So, into this mixed territory of Jews and pagans, tradesmen and fishermen, Jesus strolls along the sea and begins to haphazardly (or so it seems) call out to young men who were eagerly engaged in their fishing industry. Jesus had yet to garner any kind of reputation; he is relatively  unknown to everyone, Yet, he confidently walks along the shore and says, “I want you to follow me and I will make you a fisher of men.” These men perhaps did not even have a clue what the call meant – or what it would cost in the end. But immediately they leave their nets and follow Jesus.
I am inclined to believe that Jesus, who has emptied himself of any divine prerogative, including foreknowledge of future events, simply relies upon a confidence that empowers him to demand ultimate sacrifice from pure strangers. As a pastor, I would be so inclined to ask Jesus to bestow just a little bit of that confidence in me as I do the tasks that I believe I have been called to do. I certainly lack the conviction to go to a perfect stranger and invite them to leave everything and follow me. So, then, I ask the question, “Where does this confidence come from and how do I get it?”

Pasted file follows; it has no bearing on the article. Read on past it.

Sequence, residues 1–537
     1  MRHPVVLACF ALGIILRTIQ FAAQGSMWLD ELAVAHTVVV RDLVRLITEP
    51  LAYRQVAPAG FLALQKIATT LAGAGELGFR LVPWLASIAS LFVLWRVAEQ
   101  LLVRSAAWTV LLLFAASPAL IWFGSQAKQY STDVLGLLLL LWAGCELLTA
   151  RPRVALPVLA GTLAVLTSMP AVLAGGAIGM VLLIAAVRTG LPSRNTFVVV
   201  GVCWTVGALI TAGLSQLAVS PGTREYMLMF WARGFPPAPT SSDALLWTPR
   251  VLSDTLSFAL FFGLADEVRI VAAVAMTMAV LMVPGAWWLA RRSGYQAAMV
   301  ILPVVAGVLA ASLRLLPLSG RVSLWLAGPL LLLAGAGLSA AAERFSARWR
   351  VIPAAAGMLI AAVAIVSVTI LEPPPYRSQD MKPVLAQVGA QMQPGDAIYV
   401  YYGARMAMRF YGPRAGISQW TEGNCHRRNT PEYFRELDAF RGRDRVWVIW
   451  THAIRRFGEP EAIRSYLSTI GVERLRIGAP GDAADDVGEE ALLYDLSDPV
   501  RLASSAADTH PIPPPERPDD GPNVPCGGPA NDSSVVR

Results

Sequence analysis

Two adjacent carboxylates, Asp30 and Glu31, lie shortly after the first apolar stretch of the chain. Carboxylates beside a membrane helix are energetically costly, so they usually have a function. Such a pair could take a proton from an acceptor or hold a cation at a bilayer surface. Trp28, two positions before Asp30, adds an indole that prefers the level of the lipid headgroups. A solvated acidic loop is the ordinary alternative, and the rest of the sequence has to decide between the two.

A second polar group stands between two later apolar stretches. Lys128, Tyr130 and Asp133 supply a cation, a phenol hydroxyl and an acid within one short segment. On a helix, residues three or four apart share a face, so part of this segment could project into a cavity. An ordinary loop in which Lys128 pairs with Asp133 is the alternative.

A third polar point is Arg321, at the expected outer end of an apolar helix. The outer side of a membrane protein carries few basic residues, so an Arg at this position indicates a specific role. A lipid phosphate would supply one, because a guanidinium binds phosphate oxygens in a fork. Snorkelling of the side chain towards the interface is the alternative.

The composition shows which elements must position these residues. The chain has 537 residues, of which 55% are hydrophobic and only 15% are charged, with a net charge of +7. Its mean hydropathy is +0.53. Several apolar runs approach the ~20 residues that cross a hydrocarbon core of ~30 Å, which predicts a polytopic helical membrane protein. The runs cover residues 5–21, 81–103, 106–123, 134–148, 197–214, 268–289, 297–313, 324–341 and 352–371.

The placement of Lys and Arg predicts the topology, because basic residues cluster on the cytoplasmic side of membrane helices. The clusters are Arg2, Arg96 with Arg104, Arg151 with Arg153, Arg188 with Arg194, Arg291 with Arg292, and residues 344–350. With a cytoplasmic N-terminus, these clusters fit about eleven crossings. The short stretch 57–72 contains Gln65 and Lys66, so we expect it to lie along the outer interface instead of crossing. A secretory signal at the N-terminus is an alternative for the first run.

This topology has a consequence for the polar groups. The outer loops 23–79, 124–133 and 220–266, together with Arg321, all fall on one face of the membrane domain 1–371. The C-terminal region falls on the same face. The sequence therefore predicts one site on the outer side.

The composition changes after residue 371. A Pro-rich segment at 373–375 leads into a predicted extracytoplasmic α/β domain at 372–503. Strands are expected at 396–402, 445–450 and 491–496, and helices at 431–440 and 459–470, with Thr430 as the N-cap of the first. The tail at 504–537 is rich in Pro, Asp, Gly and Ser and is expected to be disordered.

The answer to that question can be found in the previous chapter of Matthew’s gospel - the scene of the temptation of Jesus in the desert. For forty days, Jesus is in prayer and fasting. He is opening his heart to receive the mission that the Father has entrusted to him. Meanwhile, Satan enters this scene and does all that he can to undermine the confidence of Jesus. “There is no way you can fast for forty days. There is no way that people will pay attention to you if you are just an ordinary guy – flash us some of that divinity and maybe you’ll have a place among the religious hall-of-famers. Bow down and worship me and I will give you what you need to make this mission work.” However, real confidence is born by listening to the word of God and acting upon it.
Seek the Father’s will for you in your life and, receiving his dream and vision for you, act upon that with a confident heart.